Iraq's instability trouble for Lebanese investors

Foreign investments in Iraq are at a standstill amid recent crises, with Lebanon's $3 billion worth of investments in the country set to decline if a political solution is not reached.

al-monitor Smoke rises from a oil refinery in Beiji, north of Baghdad, in this picture taken through the windshield of a car, June 19, 2014. Photo by REUTERS.
Sami Nader

Sami Nader


Topics covered

lebanese economy, islamic state of iraq and al-sham, islamic state, iraqi markets, iraqi kurdistan region, iraq crisis, iraq ministry of oil, foreign investment

Jul 16, 2014

The last thing that the business sector in Lebanon needed was the recent worsening of the Iraqi crisis and its repercussions, especially on the security level. It is true that companies operating in Iraq, especially Lebanese ones, are used to security fluctuations and have adapted to them. But recent events are different with their wide geographical breadth and sectarian dimensions, factors that may have long-term implications.

At the beginning of the year, the Iraqi economy looked promising despite the political tension. The International Monetary Fund (IMF) predicted that it would grow by 6% in 2014. Oil production in February exceeded all expectations and reached record levels as it passed the 3.6 million barrels-per-day mark. But this was before the turmoil.

After the crisis began, those expectations were replaced by caution and concern.The Sunni uprising and simultaneous military actions affected key areas in the oil-production network, such as Kirkuk, Mosul and Beiji, where the biggest refinery in Iraq is located. Iraq, which has the world’s fifth largest oil reserves at 141 billion barrels, still mainly depends on oil production, which accounts for 95% of the government’s revenues. The events affected the global oil markets, as indicated by the fluctuations in crude oil prices that soon stabilized despite expectations that it could reach $150 a barrel.

But the events mostly impacted long-term investments, not only in terms of oil production, but also in sectors such as food and real estate. The political situation is reflected in sluggish investments in major projects, which are the Iraqi economy’s real growth engines and main impetus for the activity of the companies operating there, especially Lebanese companies.

“Direct foreign investments are frozen,” Joe Sarrouh, an executive adviser to Fransabank, a Lebanese bank operating in Iraq, confirmed to Al-Monitor. He added, “It is premature to forecast the effects of these events on the Lebanese companies. The matter depends on developments in the field.”

It should be noted that Lebanese companies entered the Iraqi market with the start of the US embargo on Iraq and the adoption of the oil-for-food program in 1999. They benefited from the withdrawal of international companies and sought to fill the void by promoting their products and services.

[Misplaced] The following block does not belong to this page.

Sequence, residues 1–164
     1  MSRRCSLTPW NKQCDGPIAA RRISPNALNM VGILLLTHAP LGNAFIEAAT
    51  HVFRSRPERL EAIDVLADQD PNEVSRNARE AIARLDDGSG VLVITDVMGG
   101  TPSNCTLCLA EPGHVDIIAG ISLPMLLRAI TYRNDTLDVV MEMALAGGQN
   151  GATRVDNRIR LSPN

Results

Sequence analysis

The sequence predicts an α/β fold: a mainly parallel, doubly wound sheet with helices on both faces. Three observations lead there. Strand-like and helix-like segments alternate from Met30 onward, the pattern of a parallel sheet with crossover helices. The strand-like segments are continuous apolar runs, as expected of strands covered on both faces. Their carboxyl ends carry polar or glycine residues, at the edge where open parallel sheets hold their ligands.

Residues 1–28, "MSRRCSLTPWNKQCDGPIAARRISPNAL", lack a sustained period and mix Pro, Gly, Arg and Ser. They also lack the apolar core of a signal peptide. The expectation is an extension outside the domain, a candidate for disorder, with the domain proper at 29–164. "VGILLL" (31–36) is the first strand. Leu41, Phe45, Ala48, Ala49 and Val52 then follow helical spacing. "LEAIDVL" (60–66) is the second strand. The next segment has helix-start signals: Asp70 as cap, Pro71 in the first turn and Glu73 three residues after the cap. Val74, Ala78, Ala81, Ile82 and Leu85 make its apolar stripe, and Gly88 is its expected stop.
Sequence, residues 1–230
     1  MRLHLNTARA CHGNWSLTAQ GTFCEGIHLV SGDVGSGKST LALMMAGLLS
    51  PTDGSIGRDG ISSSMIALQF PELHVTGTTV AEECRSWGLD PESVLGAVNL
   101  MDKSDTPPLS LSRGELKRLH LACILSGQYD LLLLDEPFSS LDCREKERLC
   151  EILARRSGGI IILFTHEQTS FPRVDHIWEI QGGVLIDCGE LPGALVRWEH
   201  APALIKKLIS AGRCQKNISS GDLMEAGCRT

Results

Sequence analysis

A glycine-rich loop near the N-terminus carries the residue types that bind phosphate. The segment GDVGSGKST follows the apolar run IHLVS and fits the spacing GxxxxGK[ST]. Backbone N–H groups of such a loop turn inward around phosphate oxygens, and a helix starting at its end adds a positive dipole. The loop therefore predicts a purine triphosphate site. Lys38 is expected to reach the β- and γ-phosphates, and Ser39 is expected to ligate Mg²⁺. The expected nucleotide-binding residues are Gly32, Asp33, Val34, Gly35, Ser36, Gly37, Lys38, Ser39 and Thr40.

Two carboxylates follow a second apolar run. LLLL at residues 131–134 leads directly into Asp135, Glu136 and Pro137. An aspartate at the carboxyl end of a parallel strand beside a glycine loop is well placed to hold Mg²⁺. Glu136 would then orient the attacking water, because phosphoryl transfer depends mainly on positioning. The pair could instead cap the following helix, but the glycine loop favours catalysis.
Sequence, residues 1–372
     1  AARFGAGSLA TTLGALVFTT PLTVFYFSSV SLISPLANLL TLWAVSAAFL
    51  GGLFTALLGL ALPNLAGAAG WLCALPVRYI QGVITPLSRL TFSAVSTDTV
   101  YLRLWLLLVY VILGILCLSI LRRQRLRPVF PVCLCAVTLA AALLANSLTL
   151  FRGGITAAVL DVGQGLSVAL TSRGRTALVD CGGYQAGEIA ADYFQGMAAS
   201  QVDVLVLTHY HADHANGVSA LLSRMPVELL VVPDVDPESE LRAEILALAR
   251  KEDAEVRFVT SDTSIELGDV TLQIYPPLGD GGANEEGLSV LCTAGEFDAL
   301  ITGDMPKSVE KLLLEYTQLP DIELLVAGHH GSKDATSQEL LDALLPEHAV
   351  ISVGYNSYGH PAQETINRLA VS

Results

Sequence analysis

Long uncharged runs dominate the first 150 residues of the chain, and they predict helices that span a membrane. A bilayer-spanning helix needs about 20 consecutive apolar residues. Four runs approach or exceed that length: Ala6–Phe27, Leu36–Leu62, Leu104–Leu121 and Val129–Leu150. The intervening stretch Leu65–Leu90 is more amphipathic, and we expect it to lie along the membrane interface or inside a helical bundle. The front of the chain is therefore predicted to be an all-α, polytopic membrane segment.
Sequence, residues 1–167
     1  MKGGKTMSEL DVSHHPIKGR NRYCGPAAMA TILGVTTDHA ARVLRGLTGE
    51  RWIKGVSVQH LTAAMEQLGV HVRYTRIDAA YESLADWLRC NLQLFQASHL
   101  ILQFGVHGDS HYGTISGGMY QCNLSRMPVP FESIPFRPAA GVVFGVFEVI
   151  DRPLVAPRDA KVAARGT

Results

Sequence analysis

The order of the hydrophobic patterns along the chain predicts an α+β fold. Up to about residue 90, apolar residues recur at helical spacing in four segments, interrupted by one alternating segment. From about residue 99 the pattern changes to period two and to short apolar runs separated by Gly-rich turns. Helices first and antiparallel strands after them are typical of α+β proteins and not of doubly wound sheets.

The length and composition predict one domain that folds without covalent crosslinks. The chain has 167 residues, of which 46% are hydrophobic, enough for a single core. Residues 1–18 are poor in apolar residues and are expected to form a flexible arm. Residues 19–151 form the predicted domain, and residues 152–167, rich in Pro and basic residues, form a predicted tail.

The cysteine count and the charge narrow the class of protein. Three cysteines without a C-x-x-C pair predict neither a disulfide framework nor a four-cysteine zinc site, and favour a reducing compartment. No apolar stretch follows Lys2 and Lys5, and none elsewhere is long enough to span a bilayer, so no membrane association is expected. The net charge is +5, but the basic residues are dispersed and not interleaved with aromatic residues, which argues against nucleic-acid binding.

Things changed in 2003 when the rebuilding phase started. The economic system opened up and the entire investment environment changed. The Lebanese saw several incentives to enter the Iraqi market despite the fragile security situation and instability.

The first incentive was Iraq’s major needs, especially in infrastructure, electricity, consumption, education and housing. Their total value is estimated at $400 billion to $600 billion. Housing needs alone for 2016 are estimated at 2.5 million units.

The second was the 2006 law to stimulate foreign investment. That law provided tax exemptions and guaranteed special rights for land ownership, investing in land and transferring money and profits abroad.

The third came from inside Lebanon. It is true that some of these companies went to Iraq in search for new markets but it is also true that some went because of the bad economic conditions and low growth prospects in Lebanon, especially in the last three years.

Most Lebanese companies settled in the Iraqi Kurdistan Region, as this area was the safest. The value of Lebanese investments in Iraq, according to a 2014 survey, reached $3 billion, or 10% of all foreign investments. Lebanese investments were distributed over various sectors such as banking, educational institutions, real estate and commercial distribution.

The recent events had different effects on different sectors. Consumption was the most affected, not because the locations of the unrest constitute key markets (“No more than 4% of the total Iraqi market,” said a businessman who wishes to remain anonymous), but because the violence split the country apart and hindered the movement and shipment of goods. So the problem is logistical rather than financial or commercial, at least for now.

In contrast, according to Sarrouh, the Lebanese banks operating in Iraq were mostly unaffected because they generally confined their work to “financing business trade and have not yet developed banking services for individuals,” so their risk exposure is low. Today they are in a wait-and-see mode. There is “no more than $2 billion in total left the Iraqi banking sector,” he said. So there’s no need for panic, but rather alertness. If the political crisis gets worse, then there will definitely be costs, at least in opportunity. But for the horizon to clear and for growth to return, a political solution is needed.

“The political class should quickly find a political settlement to restore things to normal,” said Sarrouh.

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